As the holiday season amps up and lights begin to twinkle, I find myself in a bit of a conundrum. I’m not always in the mood to shake hands, kiss cheeks, take a photo, move on and repeat. As …
As the holiday season amps up and lights begin to twinkle, I find myself in a bit of a conundrum. I’m not always in the mood to shake hands, kiss cheeks, take a photo, move on and repeat. As cocktail glasses clink in the background and folks in fancy outfits take selfies, I sometimes find myself observing from the sidelines, wistful and melancholic, and I know that I’m not alone. “Gray skies are gonna clear up,” Mom would say, quoting the song that Dick Van Dyke made famous: “Put on a happy face.”
Maybe it has something to do with post-Thanksgiving blues (is that a thing?) or a change in barometric pressure (that is a thing), but until this morning I had chalked it up to just being cranky. I often feel compelled to go out and “have fun,” even when I’m not in the mood, because, well… going out and having “fun” is part of my (cue tiny violins) job. While perusing my schedule, which included the Sullivan Catskills Visitors Association (SCVA) Annual Meeting and Holiday Celebration last Thursday, I glanced at the dog and audibly sighed. “At least you have something to wear,” I grumbled. “And you like hors d’oeuvres (cue wagging tail). I’m just going through the motions.”
Turns out, that’s not exactly true, because when I looked up the definition, I realized that it wasn’t accurate. “To do something in a perfunctory way,” the dictionary of idioms (www.thefreedicionary.com) stated, “indicative of a lack of interest or involvement.”
“I’m interested!” I hollered. “I’m involved,” I yelped, but the dog had lost focus after the mention of hors d’oeuvres. “Maybe I’m just tired. Or it could be Seasonal Affective Disorder (SAD),” I spoke aloud, but she had retired to another room, most likely to avoid my whining. SAD (yes, it’s a thing) is “a type of depression that’s related to changes in seasons, and begins and ends at about the same time every year,” according to the fine folks at www.mayoclinic.org. “If you’re like most people with the condition, your symptoms start in the fall and continue into the winter months, sapping your energy and making you feel moody.” Hmmm.
“Well, if that isn’t a lively cocktail party icebreaker, I don’t know what is,” I sarcastically intoned to Dharma before slipping a glittery reindeer-decorated hoodie type thing over her adorable head. Off we went, shaking hands and snapping pics, while admiring this year’s SCVA award winners and their accomplishments. Following CEO Roberta Byron Lockwood’s inspirational “message from the president” and the keynote address from Young Strategies’ Berkeley Young, the program indicated that Darlene Fedun was slated to receive the SCVA “Tourism Trailblazer” award and speak. Fedun, who recently stepped down from her position as CEO of Bethel Woods Center for the Arts and (IMHO) abdicated the throne, was “unable to attend” (word on the street says that she’s in Florida) and the award was graciously accepted on her behalf by marketing and communications manager Emily Casey instead.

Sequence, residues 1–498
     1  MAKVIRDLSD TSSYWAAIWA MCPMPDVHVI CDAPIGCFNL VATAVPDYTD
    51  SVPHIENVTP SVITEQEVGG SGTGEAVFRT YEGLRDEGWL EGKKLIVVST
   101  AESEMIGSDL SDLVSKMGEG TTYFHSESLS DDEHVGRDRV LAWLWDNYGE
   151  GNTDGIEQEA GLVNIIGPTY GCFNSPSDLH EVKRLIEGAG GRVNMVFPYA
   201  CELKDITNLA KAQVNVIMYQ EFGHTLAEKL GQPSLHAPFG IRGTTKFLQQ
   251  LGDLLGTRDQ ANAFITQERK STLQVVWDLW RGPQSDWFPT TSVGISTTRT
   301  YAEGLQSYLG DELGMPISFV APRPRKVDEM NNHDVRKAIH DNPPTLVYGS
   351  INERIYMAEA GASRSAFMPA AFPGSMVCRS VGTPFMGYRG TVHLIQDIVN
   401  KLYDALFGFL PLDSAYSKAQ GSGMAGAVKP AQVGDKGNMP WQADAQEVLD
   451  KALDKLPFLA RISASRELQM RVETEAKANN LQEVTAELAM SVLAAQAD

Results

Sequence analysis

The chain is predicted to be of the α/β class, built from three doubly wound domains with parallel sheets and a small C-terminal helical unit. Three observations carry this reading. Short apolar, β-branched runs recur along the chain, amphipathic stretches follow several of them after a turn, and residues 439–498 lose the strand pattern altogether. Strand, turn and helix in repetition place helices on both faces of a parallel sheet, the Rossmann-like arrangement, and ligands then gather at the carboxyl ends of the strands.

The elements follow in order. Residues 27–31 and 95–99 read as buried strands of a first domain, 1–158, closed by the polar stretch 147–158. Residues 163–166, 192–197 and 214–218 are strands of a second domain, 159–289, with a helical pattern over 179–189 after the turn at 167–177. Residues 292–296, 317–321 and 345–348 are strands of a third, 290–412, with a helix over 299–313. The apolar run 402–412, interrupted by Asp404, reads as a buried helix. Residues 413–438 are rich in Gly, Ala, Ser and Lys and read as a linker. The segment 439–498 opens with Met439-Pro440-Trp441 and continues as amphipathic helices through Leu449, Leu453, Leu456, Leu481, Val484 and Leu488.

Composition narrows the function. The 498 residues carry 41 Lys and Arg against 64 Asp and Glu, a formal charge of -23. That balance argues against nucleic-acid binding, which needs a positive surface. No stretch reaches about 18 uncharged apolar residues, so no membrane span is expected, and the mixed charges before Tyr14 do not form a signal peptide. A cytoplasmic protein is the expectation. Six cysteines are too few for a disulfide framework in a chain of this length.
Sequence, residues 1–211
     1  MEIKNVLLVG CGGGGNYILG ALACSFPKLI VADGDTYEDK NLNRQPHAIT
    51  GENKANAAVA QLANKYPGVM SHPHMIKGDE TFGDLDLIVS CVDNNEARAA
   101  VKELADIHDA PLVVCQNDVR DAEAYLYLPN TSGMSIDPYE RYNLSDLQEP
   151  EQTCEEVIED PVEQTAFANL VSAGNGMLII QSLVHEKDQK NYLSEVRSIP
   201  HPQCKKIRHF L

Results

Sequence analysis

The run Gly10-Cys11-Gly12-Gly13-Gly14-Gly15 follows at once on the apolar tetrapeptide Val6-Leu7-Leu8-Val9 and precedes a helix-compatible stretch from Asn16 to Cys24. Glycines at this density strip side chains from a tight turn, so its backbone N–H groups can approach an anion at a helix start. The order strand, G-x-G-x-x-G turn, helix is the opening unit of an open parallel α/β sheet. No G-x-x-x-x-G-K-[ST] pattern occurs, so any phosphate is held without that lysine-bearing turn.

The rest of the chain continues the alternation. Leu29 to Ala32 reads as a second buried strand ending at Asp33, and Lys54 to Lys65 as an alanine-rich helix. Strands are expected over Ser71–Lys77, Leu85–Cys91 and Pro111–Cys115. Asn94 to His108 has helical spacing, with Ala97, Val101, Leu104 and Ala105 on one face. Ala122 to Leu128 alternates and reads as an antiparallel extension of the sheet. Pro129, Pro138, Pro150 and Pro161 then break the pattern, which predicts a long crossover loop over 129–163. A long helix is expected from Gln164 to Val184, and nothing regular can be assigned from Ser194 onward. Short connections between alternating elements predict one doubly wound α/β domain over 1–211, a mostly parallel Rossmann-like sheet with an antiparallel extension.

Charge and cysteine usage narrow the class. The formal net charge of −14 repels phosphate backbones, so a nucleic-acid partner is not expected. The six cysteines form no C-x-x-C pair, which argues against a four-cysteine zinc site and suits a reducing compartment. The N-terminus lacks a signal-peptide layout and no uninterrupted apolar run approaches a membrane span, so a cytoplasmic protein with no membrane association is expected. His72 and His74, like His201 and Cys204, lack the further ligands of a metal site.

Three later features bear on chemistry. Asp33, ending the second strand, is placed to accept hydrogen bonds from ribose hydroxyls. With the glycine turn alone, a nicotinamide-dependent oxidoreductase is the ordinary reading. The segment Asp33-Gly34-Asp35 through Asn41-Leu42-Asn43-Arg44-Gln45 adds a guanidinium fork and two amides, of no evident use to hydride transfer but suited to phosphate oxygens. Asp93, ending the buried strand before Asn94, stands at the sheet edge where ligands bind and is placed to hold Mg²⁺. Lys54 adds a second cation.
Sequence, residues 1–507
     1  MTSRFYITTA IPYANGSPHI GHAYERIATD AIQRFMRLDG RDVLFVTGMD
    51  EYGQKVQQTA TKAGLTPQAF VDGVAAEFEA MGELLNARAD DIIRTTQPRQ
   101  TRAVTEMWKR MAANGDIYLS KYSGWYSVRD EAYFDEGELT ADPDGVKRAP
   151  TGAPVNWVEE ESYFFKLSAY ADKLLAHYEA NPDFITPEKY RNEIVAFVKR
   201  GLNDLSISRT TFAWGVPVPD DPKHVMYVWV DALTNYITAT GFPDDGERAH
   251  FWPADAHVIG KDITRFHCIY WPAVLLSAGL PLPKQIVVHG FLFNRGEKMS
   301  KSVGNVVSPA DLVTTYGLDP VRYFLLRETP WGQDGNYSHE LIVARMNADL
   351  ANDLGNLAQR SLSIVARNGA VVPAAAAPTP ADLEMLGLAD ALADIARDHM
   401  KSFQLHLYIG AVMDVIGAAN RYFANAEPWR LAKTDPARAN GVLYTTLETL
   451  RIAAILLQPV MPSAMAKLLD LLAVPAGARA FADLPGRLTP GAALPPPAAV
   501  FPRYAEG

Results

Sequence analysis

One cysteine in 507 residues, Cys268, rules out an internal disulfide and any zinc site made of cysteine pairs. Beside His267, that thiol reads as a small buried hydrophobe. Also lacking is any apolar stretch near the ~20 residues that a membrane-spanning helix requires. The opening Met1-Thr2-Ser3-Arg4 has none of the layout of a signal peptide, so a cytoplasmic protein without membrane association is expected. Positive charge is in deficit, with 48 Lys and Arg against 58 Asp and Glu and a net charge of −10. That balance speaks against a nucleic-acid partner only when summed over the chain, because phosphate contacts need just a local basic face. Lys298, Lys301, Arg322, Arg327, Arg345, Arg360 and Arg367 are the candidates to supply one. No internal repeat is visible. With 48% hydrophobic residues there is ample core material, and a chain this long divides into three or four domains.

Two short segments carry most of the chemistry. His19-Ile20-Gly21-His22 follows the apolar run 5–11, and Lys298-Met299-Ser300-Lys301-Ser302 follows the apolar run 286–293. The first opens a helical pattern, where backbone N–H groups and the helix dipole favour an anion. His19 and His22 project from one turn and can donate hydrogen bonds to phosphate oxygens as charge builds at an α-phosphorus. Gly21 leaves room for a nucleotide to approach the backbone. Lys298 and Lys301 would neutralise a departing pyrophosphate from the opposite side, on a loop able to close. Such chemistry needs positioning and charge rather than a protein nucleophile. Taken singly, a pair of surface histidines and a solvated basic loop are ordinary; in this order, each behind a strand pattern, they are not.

“Star Individual Award” winner Dan Paradiso (The Kartrite Resort and Indoor Waterpark) was happy to be present and all smiles accepting his award, making sure to credit his “amazing staff” for all that they do, before handing the mic over to Canal Towne Emporium’s Gary Homes, who eloquently spoke of the history and legacy of the family business. “Gary said it all,” brother Lyman succinctly stated before Sullivan County Communications Director Dan Hust accepted the T.O.A.S.T. (Tribute to Associate Serving Tourism) Award for Exceptional Service. “I have no idea why I’m winning this award,” Hust amusingly said to the crowd. “It probably has something to do with the 50th anniversary of Woodstock.”
As I went through the motions of saying my goodbyes, I told a few people that I’d likely see them at the 10th annual Holiday Market at Bethel Woods, and I did. I shook hands and took selfies while genuinely being interested and involved.
Uh oh. Here comes Santa Claus.
To see all of the photos from both events visit our Facebook.
Notes about SAD from the Mayo Clinic:
It’s normal to have some days when you feel down. But if you feel down for days at a time and you can’t get motivated to do activities you normally enjoy, see your doctor. This is especially important if your sleep patterns and appetite have changed, you turn to alcohol for comfort or relaxation, or you feel hopeless or think about suicide.
Signs and symptoms of SAD may include:
• Feeling depressed most of the day, nearly every day
• Losing interest in activities you once enjoyed
• Having low energy
• Having problems with sleeping
• Experiencing changes in your appetite or weight
• Feeling sluggish or agitated
• Having difficulty concentrating
• Feeling hopeless, worthless, or guilty
• Having frequent thoughts of death or suicide